Rupert Murdoch, the driving force behind global media conglomerate News Corp, is not a man who minces his words. So, when he accuses search engines like Google and Yahoo as being ‘content kleptomaniacs‘ at the World Media Summit, I immediately wonder what he’s got up his sleeve.
This is, after all, a man who introduced electronic newspaper production in the 1980s in the teeth of opposition from the print unions, and someone who has actually welcomed the future demise of printed editions in favour of portable electronic devices: “…we’re going to have no paper, no printing plants, no unions. It’s going to be great.”
Making search engines pay
Rupert Murdoch’s present stance is that search engines should pay his publications for the content they index and aggregate in services like Google News, largely because he doesn’t see why they should earn advertising revenue on his content.
This is, in my opinion, a bluff. After all, if Murdoch really wanted Google, Yahoo, Bing et al to stop indexing websites belonging to – say – The Times, The Sun, The Australian, The New York Post and The Papua New Guinea Post-Courier, then he could get one of his web experts to add a few lines of code into each site’s robots.txt file. The nuisance would stop immediately.
So what’s Murdoch really up to? I think the best way to make an educated guess is to look at how his media empire has been conducting itself over recent years. Even a glance at his UK operations and the state of the domestic newspaper market shows that the game has been afoot for some time.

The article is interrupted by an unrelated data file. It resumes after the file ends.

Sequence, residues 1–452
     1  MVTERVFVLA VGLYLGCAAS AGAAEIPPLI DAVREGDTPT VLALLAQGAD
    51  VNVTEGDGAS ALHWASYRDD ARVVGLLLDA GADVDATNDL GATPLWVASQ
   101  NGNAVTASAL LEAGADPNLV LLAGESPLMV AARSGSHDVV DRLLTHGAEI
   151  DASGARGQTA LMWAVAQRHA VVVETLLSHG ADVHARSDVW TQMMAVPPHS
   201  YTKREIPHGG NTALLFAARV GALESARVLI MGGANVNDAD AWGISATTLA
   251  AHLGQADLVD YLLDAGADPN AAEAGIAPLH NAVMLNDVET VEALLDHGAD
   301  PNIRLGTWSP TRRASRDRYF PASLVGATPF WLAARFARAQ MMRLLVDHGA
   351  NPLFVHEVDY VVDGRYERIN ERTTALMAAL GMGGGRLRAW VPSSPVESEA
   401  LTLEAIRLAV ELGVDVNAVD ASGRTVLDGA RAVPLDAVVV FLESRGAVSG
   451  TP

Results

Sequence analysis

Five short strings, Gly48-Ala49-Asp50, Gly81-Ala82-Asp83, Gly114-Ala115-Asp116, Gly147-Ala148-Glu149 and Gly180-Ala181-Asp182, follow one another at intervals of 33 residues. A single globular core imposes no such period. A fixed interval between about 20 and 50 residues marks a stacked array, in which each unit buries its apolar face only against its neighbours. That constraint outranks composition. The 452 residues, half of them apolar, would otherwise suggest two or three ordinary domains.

If you’d asked me about the newspapers I read a few years ago, I could have given you a fairly straightforward answer. As late as 2005, I was reading the Guardian almost daily (had done for 15 years), regularly buying the Times and the Telegraph (seeing at least one edition of each per week), and getting the Sun when I knew there was a good scoop in it. The only papers I never bought were the Mail and the Express. Especially not the Express. Amongst other current affairs publications I would get Private Eye and The Spectator.
Then I started getting more and more of my news online, and decided to drop the daily newspaper habit. I still get Private Eye and the Spectator from the newsstands, but if I do buy a daily newspaper I’ll generally nab a copy of the Times.
That’s made me wonder what happened to my long-standing brand loyalty to the Guardian. Why don’t I buy that on the rare occasions I now get a paper?
Leaving aside the usual gags about getting more right wing as you get older, I think the fundamental answer is that Murdoch’s Times has invested heavily in good content, whilst the Guardian has invested heavily in trying to appear more interesting and groundbreaking than it actually is. As a result, the Times has improved considerably – poaching a lot of the Guardian’s (and other newspapers’) best columnists along the way. The Guardian has got a tidy format, many acres of dullness, a few fertile strips of delusion, and a lot less zing, zap and panache than it had at the turn of the decade, when Francis Wheen was in G2, Matthew Norman was having anarchic fun on the Diary and Simon Hoggart was doing a peerless Parliamentary sketch (he still does, but I read that online. For free).